EDITH: My goodness! Can you imagine how brave Herbert had to be?
MARTHA: Brave nothing – that sounds like nothing more than pure cheek to me. The gall of that man!
CHARLES: Well, all I know is that anyone who believes that much in having everyone pull their fair weight has my vote.
EDITH: He certainly sounds like the man for me.
MARTHA: Why Edith Stafford – bite your tongue! Mooning over a man like Herbert Hoover – have you no shame? Anyway, I hear that another woman has caught his eye of late.
EDITH: Surely you don’t mean that awful tomboy Lou Henry?
MARTHA: Shh…I wouldn’t let her hear you say that. I’ve heard she can run, rope, and ride as well as any man around. She would make quick work of you if she heard you talking like that about her.
EDITH: Oh poo. What could Herbert see in that old tomboy, anyway?
MARTHA: Well, the way I heard it, he’s been smitten with her ever since they met at the geology soiree at Professor Johnson’s house.
CHARLES: My housemate Tyler Spenceton said that they were lab partners last spring.
EDITH: Enough already. You have both made your point crystal clear. But that’s not
going to stop me from voting for him today. He’s the best man for Stanford!
SFX: TRIUMPHANT PATRIOTIC MUSIC UP AND UNDER FOR FIVE SECONDS
Act IV: Engineering opportunity
NARR: Now, a man of letters, follow our protagonist as he opens the door to the wider world. Our scene is a large opulently decorated office. A well-dressed, powerful-looking man hunches over his elegant desk in keen concentration.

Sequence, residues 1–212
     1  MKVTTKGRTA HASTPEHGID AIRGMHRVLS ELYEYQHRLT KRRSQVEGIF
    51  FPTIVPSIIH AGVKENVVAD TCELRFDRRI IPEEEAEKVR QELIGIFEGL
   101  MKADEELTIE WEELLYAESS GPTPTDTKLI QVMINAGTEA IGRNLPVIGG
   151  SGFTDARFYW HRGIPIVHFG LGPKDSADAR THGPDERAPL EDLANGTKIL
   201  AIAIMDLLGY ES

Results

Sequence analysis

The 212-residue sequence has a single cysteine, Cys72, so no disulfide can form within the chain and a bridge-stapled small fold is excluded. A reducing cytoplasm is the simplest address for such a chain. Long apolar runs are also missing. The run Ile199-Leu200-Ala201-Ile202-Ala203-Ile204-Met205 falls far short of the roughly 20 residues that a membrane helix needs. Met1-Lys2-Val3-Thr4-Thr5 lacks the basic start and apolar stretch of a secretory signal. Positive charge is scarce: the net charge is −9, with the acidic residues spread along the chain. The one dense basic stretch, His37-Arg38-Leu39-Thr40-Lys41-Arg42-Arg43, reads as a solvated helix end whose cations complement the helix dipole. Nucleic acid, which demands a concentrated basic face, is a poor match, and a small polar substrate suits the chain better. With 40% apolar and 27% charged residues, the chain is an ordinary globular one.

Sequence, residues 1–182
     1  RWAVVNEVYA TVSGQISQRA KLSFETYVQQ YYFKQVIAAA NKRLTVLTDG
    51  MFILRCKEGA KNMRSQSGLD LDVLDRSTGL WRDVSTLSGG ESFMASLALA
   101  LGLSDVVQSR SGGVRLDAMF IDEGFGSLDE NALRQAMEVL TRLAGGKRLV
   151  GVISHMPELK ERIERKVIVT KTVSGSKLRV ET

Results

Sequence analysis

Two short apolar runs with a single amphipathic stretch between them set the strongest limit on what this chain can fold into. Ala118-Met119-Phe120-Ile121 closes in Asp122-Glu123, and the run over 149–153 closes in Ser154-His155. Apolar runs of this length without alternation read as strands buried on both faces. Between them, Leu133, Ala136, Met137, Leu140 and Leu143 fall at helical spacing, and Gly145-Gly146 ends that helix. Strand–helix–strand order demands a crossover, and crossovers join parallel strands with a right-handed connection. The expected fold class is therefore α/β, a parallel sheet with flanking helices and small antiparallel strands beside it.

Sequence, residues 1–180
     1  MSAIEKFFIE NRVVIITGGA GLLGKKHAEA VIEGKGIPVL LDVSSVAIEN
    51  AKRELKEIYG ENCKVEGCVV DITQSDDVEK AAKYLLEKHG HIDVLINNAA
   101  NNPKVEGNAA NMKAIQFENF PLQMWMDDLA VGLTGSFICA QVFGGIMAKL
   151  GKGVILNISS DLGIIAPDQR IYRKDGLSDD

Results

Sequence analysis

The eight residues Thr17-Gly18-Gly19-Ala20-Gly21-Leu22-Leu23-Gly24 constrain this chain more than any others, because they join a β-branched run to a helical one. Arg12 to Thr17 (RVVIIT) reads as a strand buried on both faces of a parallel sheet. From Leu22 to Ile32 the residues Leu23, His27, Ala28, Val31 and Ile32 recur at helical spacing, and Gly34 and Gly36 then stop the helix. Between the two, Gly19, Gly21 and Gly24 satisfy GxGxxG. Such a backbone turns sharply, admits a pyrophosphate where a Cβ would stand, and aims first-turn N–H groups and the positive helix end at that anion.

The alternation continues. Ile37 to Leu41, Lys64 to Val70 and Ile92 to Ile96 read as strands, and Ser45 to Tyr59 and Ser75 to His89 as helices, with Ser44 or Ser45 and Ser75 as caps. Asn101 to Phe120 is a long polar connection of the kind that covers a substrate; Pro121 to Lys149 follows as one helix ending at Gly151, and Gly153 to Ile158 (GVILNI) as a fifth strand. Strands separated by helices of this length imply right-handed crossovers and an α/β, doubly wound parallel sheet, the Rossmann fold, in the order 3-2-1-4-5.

BEWICK: (to himself in concentrated fashion with English accent) Red thread over the hook. Black thread under….
SFX: KNOCK ON DOOR
BEWICK: (gruffly) Yes? I had asked not to be disturbed. My train leaves at three.
SFX: SOUND OF DOOR OPENING
SECRETARY: Mr. Bewick, sir. I am sorry to interrupt the preparations for your fishing trip, but a Mister Hoover is here to see you about the overseas position.
BEWICK: Blast it. A man gets so little time for relaxation. (pause) Very well. Send him in. The sooner I can send him on his way, the sooner I can get back to finishing tying this fly.
SFX: SOUND OF FOOTSTEPS THEN CLOSING OF DOOR
BEWICK: Yes, my good man? Make it short – a fishing junket is waiting for me.